Hey pallies, one of the great lovers of our Dino, Finn Tellefsen, who has had Dinoliterature printed in the Dean Martin Fan Center Dinomag, has given me permission to post his response to Weinman's Dinodissin'. I would like to thank Finn for his thoughtful and very insightful words concernin' our King of Cool. I wish I had Finn's gift for sharin' the Dinomessage. If you click on the title of this post you will find Finn's myspace music page. And now Finn's wonderful Dinoresponse:
Re: JAIME J. WEINMAN’s Why we love the slacker Rat Packer
Hey there pallie, just thought I’d throw out a quick response to this article…
I am glad to see that after all these years, and countless interviews with Dean and Greg Garrison revealing the true nature of Dean’s drunk act (Yes, it WAS an act…) the quality of Dean’s artistry still holds up to this day, and has managed to fool Mr Weinman as well. Like Dean himself once said, when interviewed by the BBC; “Do you think they would give tens of millions of dollars worth of movie and TV contracts to a drunk?”
Weinman is right that “Ain’t That A Kick In The Head” pretty much tanked after its initial release in 1960, but that had more to do with society as a whole, than it had to do with song. It is living proof that Dean was way ahead of his time when he recorded it. (Just as he was when agreed to make the movie “Kiss Me, Stupid”, but that’s another story…)
The irony here, when Weinman describes Jerry Lewis a workaholic, in order to degrade Dean’s carefully crafted casual and relaxed public persona, is not lost on those of us who have a genuine interest in Dean Martin. He even uses a quote from The Simpsons to emphasize his point, but conveniently “forgets” Dean’s reply from the same episode: “Squandered my gift? I made 68 albums!”
Dean Martin wasn’t just a singer like his pal Sinatra, he was also a comedian, and that is how he first came in to prominence. Had he retired after the break-up of the Martin & Lewis team, he would easily have gone down in history as one of the most successful comics of all time. But because he was such a talented singer, that part is often overlooked.
His stage act was purposely crafted more like a comedy routine than a concert, because he loved to make people laugh, and that was the artistic choice he made. Which is not to say that he never sang a song “straight”, he did. But in order to discover that (and other truths) one has to be willing to consider the facts, not just re-hash hype.
Weinman pulls out the big $5 word “Reticence”… sounds really impressive, but has he ever done a song by song comparable study of Dean vs. Frank? I would suggest starting with any song from Sinatra’s masterpiece LP “Only The Lonely” and compare it to Dean’s rendition of “Be An Angel”, and then try to tell me that they were not equals?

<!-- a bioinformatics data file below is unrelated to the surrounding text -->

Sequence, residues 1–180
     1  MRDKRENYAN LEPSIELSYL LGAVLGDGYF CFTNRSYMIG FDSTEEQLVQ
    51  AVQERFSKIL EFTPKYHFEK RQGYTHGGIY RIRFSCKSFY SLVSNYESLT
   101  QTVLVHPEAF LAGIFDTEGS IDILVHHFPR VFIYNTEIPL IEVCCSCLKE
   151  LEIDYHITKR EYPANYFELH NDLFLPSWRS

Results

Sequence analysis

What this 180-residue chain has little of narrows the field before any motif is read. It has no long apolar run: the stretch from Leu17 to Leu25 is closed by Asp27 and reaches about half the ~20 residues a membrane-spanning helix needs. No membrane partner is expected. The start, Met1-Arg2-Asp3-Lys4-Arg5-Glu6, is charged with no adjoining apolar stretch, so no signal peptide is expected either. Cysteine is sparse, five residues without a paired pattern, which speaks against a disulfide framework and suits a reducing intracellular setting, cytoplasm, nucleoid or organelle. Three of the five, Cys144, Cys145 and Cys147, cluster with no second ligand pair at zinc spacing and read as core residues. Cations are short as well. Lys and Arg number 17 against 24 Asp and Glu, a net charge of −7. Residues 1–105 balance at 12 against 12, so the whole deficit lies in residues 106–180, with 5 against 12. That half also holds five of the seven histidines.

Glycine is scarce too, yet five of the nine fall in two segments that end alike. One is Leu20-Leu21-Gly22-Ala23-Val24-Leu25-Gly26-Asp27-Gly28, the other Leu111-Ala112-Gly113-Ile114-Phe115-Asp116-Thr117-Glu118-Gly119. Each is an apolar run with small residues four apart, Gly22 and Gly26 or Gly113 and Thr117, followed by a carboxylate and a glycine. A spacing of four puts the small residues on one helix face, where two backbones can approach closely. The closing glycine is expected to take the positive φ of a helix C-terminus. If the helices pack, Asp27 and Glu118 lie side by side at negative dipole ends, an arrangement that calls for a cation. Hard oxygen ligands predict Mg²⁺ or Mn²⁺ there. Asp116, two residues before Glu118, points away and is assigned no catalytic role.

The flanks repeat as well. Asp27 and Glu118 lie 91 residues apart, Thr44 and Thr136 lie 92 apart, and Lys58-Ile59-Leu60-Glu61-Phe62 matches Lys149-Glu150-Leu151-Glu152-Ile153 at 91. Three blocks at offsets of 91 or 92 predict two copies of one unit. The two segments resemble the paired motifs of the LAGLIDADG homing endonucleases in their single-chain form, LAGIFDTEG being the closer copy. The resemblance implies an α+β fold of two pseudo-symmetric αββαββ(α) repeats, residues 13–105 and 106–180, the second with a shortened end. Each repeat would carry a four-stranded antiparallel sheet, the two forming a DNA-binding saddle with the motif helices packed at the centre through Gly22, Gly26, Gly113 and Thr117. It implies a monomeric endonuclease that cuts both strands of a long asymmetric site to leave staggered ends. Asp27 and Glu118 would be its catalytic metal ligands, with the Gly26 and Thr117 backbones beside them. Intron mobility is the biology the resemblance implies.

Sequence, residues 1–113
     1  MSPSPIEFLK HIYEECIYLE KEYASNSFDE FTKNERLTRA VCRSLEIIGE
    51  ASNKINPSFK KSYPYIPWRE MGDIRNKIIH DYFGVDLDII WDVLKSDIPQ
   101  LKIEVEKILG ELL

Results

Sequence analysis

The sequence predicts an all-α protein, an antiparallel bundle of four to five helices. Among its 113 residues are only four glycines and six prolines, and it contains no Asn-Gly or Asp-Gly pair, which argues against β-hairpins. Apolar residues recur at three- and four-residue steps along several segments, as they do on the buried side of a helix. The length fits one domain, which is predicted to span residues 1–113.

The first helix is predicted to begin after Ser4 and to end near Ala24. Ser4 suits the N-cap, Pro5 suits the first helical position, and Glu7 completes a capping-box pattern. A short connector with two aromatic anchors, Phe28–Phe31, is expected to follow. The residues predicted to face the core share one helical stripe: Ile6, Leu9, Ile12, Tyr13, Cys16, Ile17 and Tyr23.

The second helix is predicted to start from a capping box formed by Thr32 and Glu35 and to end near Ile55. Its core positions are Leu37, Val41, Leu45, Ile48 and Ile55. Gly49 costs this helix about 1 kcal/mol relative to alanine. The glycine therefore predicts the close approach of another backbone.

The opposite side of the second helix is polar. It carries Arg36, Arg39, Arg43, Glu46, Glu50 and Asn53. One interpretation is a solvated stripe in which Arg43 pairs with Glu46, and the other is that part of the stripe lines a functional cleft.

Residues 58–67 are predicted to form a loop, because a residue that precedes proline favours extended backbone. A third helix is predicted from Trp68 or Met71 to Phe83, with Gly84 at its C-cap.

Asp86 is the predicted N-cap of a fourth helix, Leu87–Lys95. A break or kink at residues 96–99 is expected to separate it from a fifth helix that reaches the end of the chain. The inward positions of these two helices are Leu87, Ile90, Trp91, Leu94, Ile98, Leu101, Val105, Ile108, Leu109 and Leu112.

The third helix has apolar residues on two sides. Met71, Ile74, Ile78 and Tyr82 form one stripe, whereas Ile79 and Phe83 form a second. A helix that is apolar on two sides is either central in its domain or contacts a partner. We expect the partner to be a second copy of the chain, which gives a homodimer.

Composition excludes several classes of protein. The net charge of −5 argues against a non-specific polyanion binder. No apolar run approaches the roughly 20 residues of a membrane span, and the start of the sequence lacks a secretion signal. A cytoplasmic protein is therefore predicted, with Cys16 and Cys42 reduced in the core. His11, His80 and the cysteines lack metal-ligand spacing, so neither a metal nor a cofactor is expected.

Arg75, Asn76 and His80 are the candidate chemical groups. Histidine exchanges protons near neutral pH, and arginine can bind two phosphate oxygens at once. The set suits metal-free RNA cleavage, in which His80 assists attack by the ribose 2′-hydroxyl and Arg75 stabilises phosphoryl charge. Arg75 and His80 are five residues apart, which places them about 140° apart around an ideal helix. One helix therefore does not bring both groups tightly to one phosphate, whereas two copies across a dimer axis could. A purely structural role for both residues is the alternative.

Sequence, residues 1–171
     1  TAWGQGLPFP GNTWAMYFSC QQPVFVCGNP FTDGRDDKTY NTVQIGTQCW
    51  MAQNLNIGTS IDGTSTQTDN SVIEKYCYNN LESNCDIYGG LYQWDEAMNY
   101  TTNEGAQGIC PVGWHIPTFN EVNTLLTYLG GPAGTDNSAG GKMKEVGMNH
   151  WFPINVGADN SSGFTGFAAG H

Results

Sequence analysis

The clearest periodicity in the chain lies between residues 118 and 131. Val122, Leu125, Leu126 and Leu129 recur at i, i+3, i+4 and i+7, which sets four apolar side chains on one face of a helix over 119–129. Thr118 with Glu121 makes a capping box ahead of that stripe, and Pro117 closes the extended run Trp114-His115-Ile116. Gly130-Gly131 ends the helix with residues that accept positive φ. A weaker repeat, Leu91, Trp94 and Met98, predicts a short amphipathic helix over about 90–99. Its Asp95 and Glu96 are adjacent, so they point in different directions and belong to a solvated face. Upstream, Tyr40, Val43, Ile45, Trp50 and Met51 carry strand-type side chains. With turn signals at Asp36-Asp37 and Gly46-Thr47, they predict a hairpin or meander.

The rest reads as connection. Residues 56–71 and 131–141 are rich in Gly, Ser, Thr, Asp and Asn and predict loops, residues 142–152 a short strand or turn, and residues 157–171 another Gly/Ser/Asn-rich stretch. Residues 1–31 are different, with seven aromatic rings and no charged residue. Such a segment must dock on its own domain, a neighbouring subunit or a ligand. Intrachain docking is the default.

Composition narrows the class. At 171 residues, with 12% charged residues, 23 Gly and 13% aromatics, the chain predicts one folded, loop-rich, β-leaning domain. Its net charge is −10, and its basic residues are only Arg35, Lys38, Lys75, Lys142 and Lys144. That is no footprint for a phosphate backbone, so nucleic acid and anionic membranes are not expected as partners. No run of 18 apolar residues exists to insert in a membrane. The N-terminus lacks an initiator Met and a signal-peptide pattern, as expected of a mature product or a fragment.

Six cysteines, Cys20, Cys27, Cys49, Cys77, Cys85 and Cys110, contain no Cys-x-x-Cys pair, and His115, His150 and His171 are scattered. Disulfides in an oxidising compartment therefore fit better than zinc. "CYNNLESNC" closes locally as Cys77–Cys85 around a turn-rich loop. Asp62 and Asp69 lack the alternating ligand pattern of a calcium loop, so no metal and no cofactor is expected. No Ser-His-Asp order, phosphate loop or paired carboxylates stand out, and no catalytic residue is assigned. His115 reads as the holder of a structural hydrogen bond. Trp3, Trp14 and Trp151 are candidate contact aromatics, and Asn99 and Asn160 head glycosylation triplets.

And Dean could go toe-to-toe with Frank on any big band number when he chose to, for proof, start by comparing their versions of: Just In Time, I’ve Got My Love To Keep Me Warm, I Can’t Believe That You’re In Love With Me, and Please Don’t Talk About Me When I’m Gone.
If Dean didn’t care about his audiences, how was he able to sustain a career as a performer for over 50 years? And why did he go on, year after year, decades after he had earned more money than he could spend in his lifetime?
The bulk of Dean’s stigma of being lazy stems from the days of his weekly TV show, when it was made known that he did not attend rehearsals. Hello? This was part of the marketing campaign to make people tune in every week to see how Dean would deal with the funny bits put in front of him!!
The truth of the matter (as stated by Dean in several interviews) was that he probably rehearsed more than any of the cast, because Lee Hale made tapes of the week’s musical numbers in advance, which Dean then rehearsed at home, in the car and on the golf course! That’s how he was able to move so flawlessly through those intricate medleys and solos.
As far as the skits were concerned, he knew – from decades of experience – that rehearsing that kind of a material would take away the spontaneity and joy of delivering it to the audience for the first time. Instead he relied on his talent, gut instinct and flawless comedic timing when the cue cards were put in front of him, just like any other TV comedian from Johnny Carson to Dave Letterman. The enormity of his success of the show proved him right…
While performing in nightclubs and concert halls from the early 1940’s to 1992, Dean Martin somehow also managed to host the Colgate Comedy hour 28 times, make 116 Martin & Lewis radio shows, whilst making 37 guest appearances on other radio shows, make 51 movies(!!), record over 40 original albums, tape 250 episodes of his TV show plus 29 roasts, appear in 25 specials, and literally countless guest appearances on other shows.
JUST WHO IS HE CALLING LAZY?